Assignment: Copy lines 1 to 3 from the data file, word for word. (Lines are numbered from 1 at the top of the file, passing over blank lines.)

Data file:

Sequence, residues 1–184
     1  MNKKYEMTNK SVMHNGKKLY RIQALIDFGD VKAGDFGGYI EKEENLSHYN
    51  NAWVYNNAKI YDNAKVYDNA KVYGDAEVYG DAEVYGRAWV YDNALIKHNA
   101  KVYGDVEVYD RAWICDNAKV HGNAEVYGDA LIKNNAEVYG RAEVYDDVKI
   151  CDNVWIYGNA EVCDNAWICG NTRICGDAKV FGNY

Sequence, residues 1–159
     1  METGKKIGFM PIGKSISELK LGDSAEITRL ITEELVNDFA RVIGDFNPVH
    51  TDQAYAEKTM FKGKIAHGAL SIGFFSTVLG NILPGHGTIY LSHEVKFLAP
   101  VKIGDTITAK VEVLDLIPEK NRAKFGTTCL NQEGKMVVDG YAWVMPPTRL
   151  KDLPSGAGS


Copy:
Sequence, residues 1–184
     1  MNKKYEMTNK SVMHNGKKLY RIQALIDFGD VKAGDFGGYI EKEENLSHYN
    51  NAWVYNNAKI YDNAKVYDNA KVYGDAEVYG DAEVYGRAWV YDNALIKHNA